Jenny is a troubled woman. Like the song says, she searches for love in all the wrong places—trying to find happiness in parked cars or drug-filled penthouses. She poses for Playboy. She sings folk songs naked in a strip club. She longs for love, but instead she finds a string of abusive boyfriends, made (it’s suggested) in the image of her father.

When she was a kid being chased by her dad, she asked Forrest to pray with her:--begging that God would turn her into a bird so that she could fly away from her horrid life. She never loses her desire for wings, it seems: She climbs bridges and balconies, longing to wing her way into oblivion.

And yet she does fly. Again and again, she flies from her past, remaking herself at every stoplight—as if she could somehow fly away from herself. And in so doing, she flies away from Forrest, too.

“Can I have a ride?” she asks a passing truck driver after Forrest “rescues” her from the strip club.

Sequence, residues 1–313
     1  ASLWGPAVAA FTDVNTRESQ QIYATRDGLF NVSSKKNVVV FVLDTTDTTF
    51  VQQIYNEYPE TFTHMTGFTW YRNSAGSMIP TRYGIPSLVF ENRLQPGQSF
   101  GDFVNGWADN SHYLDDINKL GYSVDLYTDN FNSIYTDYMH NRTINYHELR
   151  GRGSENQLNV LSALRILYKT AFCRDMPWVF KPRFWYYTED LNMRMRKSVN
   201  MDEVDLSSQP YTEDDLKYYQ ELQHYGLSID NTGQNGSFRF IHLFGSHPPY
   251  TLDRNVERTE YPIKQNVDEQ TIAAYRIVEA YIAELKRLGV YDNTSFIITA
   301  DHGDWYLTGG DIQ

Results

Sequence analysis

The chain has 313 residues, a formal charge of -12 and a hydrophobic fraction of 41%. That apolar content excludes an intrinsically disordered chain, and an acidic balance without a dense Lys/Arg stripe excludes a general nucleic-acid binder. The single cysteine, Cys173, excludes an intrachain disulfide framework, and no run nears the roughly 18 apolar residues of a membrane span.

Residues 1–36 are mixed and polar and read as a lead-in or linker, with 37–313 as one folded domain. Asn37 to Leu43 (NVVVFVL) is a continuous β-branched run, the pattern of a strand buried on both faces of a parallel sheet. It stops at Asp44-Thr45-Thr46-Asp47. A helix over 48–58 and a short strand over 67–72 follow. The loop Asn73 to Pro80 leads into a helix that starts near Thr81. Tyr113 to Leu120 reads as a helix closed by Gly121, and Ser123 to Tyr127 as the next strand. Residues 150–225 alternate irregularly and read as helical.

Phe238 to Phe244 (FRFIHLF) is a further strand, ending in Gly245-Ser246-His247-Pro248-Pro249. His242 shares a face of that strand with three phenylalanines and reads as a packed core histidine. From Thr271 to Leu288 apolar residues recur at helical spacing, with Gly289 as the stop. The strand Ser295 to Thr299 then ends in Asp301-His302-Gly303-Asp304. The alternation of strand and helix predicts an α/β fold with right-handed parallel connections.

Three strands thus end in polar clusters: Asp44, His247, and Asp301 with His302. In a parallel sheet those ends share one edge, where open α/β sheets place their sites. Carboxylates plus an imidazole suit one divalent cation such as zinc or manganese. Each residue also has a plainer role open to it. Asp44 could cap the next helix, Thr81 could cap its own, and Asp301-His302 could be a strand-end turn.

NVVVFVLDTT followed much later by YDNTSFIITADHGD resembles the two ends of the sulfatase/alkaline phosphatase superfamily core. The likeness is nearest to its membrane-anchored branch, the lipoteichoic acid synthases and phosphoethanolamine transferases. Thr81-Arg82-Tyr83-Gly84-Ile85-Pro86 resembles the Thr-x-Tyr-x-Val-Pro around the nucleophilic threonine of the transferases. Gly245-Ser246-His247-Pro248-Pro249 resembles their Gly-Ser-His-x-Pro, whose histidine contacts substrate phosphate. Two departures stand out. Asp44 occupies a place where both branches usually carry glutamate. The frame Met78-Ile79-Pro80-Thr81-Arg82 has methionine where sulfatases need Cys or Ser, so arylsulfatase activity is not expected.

“Where are you going?” he asks.

“I don’t care,” Jenny says.

I don’t know if I’ve ever seen a better depiction of how our own sin and shame impact our relationship with God.

See, Forrest loves Jenny—loves her unconditionally, just as God loves us. He loves with a perfect, undying passion. And Jenny loves Forrest, too … sorta. But she seeks fulfillment elsewhere time after time. And when Forrest asks Jenny to marry him, she realizes that he’s too good for her.

“You don’t want to marry me,” she says, sadly.

 “Why don’t you love me, Jenny?” he asks. “I’m not a smart man, but I know what love is.”

Jenny, after all this time, sees that it’s true. He knows what love is. It’s she that doesn’t.

Now, I’m not calling Forrest a Christ metaphor. Jesus and Forrest are pretty different … except in that image of love. A love that’s undimmed by what we say or do, a love unstained by our own sin and shame. A love that would die for us, and has.

That kind of love can seem a little stupid and simple-minded to our jaded eyes. Na├»ve. Oblivious. Like Forrest himself. Like, Amy Nicholson tells us, the movie is.  

And yet there’s unfathomable beauty there, too. A love we can’t understand, but part of us wants to.

“Stupid is as stupid does,” Forrest says. The Apostle Paul said something similar in his first letter to the Corinthians.

“For the foolishness of God is wiser than human wisdom, and the weakness of God is stronger than human strength.”

In Forrest Gump, we’re given a fool—one whose foolish ideas of love can put our own wisdom to shame.